Saturday, October 08, 2005

Judges, Baseball And Temptations

I have generally been able to withstand the urge to comment on current events, largely because I did not start this project in order to add my voice to the din of the political bloggers.

Most of the noise that emanates from the blogosphere's penumbra is predictable, and predictably shallow. Most of the noise drowns out the notion that reasonable minds can differ on the great issues of our time. Like the morning disc-jockey who tries desperately to push the "envelope" in order to raise ratings, my sense is that most political bloggers are trying merely to raise ratings, or their sitemeter stats. That is not my goal here.

So allow me to give in to temptation this one time.

Allow me this temptation because I love being a lawyer. It is something of a dirty little secret that most of those in the legal profession hate what they do for a living. I am lucky. I am not one of those people. I love my profession. I am passionate about the idea of being a lawyer, and my respect for judges is virtually without limits. Hell, some day, if I get to heaven, I half expect I will address the Good Lord as "Your Honor." That is how much I look up to judges. I have tried cases all around this country, but whenever I step into a courthouse, the butterflies in my stomach are let loose, and, when they do that, I am reminded that it is a privilege to have those butterflies. Not just anyone can be a lawyer, not just anyone gets to appear before a judge, and not just anyone is an officer of the court.

This is a preamble to my disappointment with President Bush's recent nomination to the Supreme Court. It is obvious that this perfectly wonderful lady that President Bush nominated should not have been nominated. She was not the best of the best, nor is she even remotely more qualified than many others who could have been nominated. When juxtaposed against the example of Chief Justice Roberts, for instance, it is almost appalling to think that she was given the honor of the nomination. This was clearly the decision of a man who is tired. The President reminds me of a trial lawyer in the fifth week of an eight week trial, of somebody who blundered by calling the wrong witness, and, affected by his fatigue, has given in to the temptation to settle rather than fight.

Well, I am tired too, Mr. President. I am tired of the notion of merit being sacrificed on the alter of "diversity" or some other more traditional, but equally inexcusable, form of Inside Baseball. I am tired the best being relegated to the sidelines, taken for granted, without regard for the efforts or the sacrifices that are necessary to become "the best." And, frankly, I am tired of you acting tired.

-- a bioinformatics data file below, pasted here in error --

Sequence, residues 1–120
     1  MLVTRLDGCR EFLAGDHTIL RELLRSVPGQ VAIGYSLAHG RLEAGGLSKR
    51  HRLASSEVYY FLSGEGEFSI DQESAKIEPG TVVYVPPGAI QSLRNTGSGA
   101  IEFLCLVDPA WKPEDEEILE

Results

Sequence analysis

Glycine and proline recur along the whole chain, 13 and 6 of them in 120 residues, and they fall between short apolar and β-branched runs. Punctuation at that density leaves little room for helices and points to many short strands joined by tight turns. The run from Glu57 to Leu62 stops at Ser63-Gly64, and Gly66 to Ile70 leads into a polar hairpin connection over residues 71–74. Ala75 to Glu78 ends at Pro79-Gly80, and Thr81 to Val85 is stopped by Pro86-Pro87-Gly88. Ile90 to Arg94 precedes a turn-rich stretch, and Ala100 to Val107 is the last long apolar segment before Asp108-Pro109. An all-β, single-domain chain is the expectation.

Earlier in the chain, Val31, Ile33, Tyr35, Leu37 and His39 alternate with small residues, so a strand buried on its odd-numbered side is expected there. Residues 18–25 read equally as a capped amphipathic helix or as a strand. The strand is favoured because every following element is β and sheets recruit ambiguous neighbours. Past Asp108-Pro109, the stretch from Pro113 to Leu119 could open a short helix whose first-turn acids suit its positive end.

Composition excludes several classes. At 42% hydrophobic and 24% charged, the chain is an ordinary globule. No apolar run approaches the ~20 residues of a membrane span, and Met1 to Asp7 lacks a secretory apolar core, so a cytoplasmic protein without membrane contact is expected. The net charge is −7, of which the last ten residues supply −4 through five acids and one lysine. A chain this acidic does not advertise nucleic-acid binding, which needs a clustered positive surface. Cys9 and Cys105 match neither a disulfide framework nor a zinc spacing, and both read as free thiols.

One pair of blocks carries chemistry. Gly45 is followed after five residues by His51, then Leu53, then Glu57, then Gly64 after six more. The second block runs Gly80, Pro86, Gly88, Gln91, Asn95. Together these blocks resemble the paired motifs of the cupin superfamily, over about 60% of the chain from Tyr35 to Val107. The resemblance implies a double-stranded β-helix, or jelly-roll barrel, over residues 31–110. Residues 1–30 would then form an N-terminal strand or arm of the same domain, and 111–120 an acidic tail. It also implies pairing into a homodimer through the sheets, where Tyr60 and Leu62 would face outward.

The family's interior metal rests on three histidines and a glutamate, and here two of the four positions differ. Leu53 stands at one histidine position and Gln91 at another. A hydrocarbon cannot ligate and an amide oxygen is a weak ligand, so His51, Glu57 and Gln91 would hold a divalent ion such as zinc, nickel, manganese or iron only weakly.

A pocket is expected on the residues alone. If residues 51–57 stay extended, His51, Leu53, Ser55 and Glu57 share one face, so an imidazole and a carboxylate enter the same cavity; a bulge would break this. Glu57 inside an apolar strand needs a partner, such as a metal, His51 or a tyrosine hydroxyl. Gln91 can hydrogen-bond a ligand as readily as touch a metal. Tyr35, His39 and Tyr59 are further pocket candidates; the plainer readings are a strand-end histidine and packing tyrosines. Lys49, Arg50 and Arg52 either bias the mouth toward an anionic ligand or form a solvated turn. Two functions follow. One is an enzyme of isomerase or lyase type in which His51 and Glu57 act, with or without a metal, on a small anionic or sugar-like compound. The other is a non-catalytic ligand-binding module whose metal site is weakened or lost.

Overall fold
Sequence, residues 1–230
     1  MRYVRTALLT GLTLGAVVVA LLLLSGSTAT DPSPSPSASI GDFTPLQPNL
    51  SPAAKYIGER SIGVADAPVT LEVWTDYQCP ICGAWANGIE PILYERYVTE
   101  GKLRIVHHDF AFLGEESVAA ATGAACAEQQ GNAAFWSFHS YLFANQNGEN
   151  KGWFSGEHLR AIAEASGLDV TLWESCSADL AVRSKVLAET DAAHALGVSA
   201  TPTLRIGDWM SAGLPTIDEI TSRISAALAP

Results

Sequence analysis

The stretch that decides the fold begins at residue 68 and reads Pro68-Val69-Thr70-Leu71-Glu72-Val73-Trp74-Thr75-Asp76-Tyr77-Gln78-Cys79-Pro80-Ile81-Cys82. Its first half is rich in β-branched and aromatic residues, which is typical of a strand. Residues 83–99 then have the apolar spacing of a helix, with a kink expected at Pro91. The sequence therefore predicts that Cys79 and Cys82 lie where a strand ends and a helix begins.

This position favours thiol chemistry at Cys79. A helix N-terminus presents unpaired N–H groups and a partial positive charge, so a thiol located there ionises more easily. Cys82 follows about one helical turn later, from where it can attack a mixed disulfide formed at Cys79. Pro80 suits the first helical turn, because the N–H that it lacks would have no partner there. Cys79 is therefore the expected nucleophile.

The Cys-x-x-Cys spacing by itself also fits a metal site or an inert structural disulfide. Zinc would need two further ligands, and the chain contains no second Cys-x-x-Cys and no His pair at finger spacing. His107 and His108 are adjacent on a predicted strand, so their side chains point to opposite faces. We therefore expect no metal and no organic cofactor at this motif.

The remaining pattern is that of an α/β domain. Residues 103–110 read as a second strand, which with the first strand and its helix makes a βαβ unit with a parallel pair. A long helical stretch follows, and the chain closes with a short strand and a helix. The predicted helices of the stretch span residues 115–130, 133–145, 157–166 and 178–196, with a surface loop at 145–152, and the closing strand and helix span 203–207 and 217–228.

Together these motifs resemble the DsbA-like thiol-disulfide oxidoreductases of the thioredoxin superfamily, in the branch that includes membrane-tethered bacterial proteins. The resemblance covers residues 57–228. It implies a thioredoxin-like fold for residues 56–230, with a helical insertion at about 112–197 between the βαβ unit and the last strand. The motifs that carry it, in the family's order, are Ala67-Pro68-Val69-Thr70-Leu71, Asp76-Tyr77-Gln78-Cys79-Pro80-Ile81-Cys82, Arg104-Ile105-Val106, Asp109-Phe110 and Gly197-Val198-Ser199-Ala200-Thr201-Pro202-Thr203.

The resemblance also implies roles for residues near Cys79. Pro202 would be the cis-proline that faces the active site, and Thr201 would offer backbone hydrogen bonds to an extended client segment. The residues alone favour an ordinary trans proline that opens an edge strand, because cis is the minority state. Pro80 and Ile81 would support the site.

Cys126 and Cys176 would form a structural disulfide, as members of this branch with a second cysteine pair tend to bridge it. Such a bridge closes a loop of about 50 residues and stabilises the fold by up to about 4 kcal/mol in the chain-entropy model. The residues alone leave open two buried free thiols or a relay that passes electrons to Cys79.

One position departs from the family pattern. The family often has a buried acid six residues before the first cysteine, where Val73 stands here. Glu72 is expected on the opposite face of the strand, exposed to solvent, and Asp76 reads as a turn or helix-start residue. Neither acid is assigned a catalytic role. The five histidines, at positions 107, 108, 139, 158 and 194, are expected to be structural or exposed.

Try this thought experiment: consider what we know from having met Chief Justice Roberts, how he performed at his hearings, how he bore the weight of his credentials. Now take the time to imagine the possibility of Ms. Miers being picked to sit on the Supreme Court instead of Roberts. Imagine the President announcing her as the best qualified candidate for the Court. The thought is absurd. Now hold onto thought and apply it to no less than a dozen others--Judge Luttig, for example-- each available to the President, each in the on-deck circle, each swinging their bats, and each qualified to bat in the World Series.

I think I am most distressed for these individuals--the other John Roberts' of the legal world, each of whom has sacrificed, for a lifetime, to reach the pinnacle of their profession. Many might say something along the lines of "tough luck to them." I don't view it that way. The guardians of our Constitution should be the very best, and it is a shame that these individuals have not been given their chance. They earned it.

Consider this true story: when I played Little League as a boy, our coach always insisted on using his son as the starting pitcher. He was a nice kid of mediocre talent, about 25 pounds overweight--and he routinely got shelled. Was he "qualified" to pitch? I suppose so, but half of the rest of the team was clearly more qualified, and there was no keeping this fact a secret. Even as an eight-year old kid, I felt embarrassed for the coach, embarrassed that he didn't have better sense, and embarrassed that he didn't understand the effect his decisions had on the rest of the team. His decisions demoralized us. Less significant, they put us in a hole, and after awhile, we just got used to losing.

Embarrassment of this kind is the handmaiden of disrespect. Even in Little League, most everybody knows when a call is not made on the merits. Most everybody can sniff out an Inside Baseball move.

Mr. President: perhaps your move wasn't purely Inside Baseball, but this is the Big Leagues, and you are still in the middle of the game, so summon your butterflies, resist the temptation to settle, and quit acting so damned tired.